Monday’s papers: Children in Syria camps, more education and stagflation worries | News | #ukscams | #datingscams | #european


Finland’s Foreign Minister says the remaining Finnish children detained in the Al-Hol camp need their mothers’ permission to leave.

Finland’s higher-education level has dropped below the OECD average.  Image: Ari Haimakainen / Yle

Foreign Minister Pekka Haavisto (Green) told Maaseudun tulevaisuus (siirryt toiseen palveluun) that bringing back the remaining Finnish mothers and children in Syria’s Al-Hol would require the use of force, noting that the camp is militarised.

“It’s not possible to extract children without their parents’ consent within the autonomous regions of a foreign state,” he told the agricultural newspaper.

This month the UN Child Rights Committee (CRC) issued a severe reprimand to Finland for failing to repatriate the Finnish children still living in the camp. 

Haavisto told MT that 26 children have returned to Finland from the camp and that it’s up to the remaining families if they want to return.

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Schooling Finland

This month news emerged that Finland’s higher-education level has slipped below the OECD average. 

Reacting to this trend, Environment Minister Maria Ohisalo (Green) is calling for Finland to create room for 5,400 additional more tertiary students every year over the next decade. Spots should especially be allocated to the fields of healthcare, early childhood education and ICT, according to Ohisalo, who also serves as Green Party chair.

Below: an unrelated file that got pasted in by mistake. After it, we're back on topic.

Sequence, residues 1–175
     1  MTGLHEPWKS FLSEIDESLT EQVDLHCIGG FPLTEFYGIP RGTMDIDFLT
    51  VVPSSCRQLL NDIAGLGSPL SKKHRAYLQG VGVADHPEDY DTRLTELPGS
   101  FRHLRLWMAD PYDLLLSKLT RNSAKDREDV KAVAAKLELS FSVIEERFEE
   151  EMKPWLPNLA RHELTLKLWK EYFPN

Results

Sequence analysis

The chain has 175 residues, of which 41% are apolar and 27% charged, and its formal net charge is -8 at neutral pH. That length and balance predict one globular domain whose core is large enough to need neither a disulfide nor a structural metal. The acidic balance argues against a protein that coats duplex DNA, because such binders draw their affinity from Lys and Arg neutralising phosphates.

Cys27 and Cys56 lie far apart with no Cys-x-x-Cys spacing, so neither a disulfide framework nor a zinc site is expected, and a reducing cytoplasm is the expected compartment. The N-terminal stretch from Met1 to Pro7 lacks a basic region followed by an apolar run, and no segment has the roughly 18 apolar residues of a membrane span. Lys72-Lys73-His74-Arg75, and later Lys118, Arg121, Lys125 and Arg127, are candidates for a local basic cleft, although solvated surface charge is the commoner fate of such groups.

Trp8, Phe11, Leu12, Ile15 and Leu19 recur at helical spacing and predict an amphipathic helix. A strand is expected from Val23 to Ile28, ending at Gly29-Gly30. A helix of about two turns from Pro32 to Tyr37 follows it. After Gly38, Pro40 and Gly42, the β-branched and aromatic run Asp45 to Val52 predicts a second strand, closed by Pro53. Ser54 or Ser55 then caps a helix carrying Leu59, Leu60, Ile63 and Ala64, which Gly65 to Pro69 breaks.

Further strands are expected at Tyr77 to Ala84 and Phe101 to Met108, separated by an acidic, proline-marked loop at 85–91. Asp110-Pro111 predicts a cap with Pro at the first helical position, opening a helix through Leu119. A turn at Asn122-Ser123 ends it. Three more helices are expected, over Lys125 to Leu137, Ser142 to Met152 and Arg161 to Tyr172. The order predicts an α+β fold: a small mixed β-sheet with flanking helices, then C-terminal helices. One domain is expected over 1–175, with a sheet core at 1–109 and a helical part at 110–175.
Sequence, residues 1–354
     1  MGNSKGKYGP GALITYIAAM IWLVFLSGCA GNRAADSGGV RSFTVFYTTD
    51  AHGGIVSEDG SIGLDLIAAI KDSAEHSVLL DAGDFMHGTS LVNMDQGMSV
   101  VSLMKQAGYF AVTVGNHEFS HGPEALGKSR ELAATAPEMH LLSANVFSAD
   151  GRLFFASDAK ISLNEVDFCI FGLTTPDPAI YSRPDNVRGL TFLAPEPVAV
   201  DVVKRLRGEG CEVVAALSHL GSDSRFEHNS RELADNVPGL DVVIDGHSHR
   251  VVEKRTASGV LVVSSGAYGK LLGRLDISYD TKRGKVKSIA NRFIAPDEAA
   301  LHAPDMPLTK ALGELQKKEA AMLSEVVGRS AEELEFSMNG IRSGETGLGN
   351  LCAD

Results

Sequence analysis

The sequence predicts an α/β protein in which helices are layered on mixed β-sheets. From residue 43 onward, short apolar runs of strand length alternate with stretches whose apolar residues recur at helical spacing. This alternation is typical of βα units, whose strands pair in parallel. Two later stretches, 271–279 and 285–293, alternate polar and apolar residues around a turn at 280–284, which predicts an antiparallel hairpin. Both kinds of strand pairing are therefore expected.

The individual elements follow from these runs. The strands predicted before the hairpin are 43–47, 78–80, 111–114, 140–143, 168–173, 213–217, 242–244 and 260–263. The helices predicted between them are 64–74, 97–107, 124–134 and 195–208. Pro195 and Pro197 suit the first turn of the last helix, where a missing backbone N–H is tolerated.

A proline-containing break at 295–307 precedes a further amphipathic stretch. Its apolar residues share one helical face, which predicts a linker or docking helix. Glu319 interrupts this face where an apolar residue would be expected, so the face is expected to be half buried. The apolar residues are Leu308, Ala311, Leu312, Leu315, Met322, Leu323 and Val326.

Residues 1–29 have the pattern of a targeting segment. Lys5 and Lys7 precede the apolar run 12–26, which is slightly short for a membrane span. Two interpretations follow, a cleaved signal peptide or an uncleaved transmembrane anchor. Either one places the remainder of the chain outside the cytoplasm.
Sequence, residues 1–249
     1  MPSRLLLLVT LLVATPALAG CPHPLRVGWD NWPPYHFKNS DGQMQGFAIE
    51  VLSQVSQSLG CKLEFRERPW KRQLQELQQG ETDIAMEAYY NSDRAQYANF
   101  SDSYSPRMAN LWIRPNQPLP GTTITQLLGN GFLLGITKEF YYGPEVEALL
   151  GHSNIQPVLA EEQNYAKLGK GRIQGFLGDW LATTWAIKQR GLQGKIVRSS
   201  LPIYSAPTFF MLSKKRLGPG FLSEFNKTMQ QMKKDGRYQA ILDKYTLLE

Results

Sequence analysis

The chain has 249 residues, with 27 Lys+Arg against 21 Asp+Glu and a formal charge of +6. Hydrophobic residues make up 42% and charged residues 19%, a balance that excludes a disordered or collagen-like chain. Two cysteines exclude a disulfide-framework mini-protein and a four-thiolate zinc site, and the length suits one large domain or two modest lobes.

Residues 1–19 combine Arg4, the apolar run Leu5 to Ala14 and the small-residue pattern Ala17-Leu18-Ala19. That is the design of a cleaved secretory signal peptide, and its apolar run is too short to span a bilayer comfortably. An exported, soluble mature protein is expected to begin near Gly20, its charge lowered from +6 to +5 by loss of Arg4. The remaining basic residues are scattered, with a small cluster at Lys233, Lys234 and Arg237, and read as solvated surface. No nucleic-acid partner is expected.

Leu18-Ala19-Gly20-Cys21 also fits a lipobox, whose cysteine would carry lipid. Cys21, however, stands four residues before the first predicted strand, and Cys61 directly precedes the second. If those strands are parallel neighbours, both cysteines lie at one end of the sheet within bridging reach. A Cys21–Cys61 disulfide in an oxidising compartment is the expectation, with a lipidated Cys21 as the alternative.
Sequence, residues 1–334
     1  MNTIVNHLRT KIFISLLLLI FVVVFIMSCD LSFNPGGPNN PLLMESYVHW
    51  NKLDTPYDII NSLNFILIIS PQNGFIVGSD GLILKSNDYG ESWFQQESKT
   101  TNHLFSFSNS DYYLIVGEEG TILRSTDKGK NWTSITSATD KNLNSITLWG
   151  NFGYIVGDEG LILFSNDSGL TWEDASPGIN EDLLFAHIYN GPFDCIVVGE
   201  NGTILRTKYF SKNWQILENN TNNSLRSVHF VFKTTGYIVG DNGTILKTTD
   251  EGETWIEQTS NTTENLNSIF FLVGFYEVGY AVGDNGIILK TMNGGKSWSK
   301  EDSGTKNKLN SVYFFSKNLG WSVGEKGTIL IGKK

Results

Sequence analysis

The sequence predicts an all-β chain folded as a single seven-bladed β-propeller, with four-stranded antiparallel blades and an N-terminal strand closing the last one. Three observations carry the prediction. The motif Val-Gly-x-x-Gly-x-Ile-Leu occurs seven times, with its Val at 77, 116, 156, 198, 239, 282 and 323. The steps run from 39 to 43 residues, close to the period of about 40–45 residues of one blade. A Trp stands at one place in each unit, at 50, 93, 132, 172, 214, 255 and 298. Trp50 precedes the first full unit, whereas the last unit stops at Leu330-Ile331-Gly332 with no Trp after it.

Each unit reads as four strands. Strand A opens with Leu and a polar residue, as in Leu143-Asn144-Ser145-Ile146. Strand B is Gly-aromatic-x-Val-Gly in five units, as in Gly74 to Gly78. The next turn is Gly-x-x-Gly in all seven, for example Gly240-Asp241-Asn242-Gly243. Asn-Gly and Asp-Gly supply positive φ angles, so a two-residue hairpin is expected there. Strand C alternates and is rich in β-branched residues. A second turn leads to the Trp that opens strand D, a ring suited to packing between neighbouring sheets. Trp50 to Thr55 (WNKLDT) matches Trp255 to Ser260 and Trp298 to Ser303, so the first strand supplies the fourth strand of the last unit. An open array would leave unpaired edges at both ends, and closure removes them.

At the turn of the millennium, Finland boasted one of the OECD’s highest share of highly educated young adults, on a par with the United States and South Korea. Last year it fell clearly below the OECD average to the level of Chile and Turkey. 

“There’s a worry we may have overestimated our education levels,” she told Ilta-Sanomat (siirryt toiseen palveluun)

More rate hikes

The European Central Bank raised interest rates again last Thursday. With euro area inflation around ten percent, Kauppalehti (siirryt toiseen palveluun) asked Bank of Finland governor Olli Rehn whether the ECB will continue to raise borrowing costs. 

“It’s to be expected that we’ll continue to raise rates this year,” Rehn, a member of the Governing Council of the European Central Bank, told the business daily. 

Rehn also noted that there was a risk of eurozone stagflation — that is — slow growth and high unemployment rate accompanied by inflation. “We’re seeing the first stages of stagflation. Economic growth has weakened and next year’s inflation is still expected to be around five percent, so this is two out of three.”



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